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That time when I truly embraced my individuality

At the age of 12 I made a conscious decision never to be the same as everyone else. I set about creating the young Penfold in many different ways, believing myself to be a true individual, and that the clothing choices I made truly exemplified that.

The truth though, was that I was merely trying to ‘belong’ to a different collection of humans, though I didn’t see it that way. I tried to identify myself amongst the sub cultures and not be a part of the main stream, largely governed by music choices. I manifested things like:

  • The Goth Era – black lipstick, tasseled skirts, ripped tights and tie dye
  • The Metal Era – army clothes, para boots, stripey tights, shaved half my head and dyed the rest red
  • The Raver Era – record bags and bomber jackets
  • The Rude Gyal Era – started out with hair in braids, then had my hair cut like a member of TLC, complete with kiss curls.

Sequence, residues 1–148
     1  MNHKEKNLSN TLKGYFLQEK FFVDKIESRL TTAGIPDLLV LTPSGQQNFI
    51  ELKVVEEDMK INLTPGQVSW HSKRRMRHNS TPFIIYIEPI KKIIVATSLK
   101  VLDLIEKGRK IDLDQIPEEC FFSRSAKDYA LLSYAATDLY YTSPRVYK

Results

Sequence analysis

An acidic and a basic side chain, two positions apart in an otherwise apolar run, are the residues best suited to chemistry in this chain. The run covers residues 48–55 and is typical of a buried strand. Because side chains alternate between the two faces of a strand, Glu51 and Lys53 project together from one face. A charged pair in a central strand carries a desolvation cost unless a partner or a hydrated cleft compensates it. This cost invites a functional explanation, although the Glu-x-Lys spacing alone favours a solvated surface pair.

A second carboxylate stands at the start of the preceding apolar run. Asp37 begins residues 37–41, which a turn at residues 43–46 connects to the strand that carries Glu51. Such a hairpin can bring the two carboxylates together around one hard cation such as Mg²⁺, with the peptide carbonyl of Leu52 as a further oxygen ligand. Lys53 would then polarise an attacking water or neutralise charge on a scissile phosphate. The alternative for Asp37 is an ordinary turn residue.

• The Garage Raving Era – dresses, heels, big hair.

I showed my musical affiliations like badges of honour in my appearance, throughout the whole of my teens. I believed myself to be unique. And indeed I was unique, but not in the way that I thought I was then. I was (and am) Ruth Lesley Penfold – and there can never be another like her.

But I couldn’t see that then. I didn’t realise that these many disguises were tools that I was using to take myself further away from the real me. I met my ex husband at the age of 19, and slowly lost any desire to stand out whatsoever, so took myself even further from the real me than I had ever been before. I gradually succeeded in making myself invisible. The butterfly became a moth.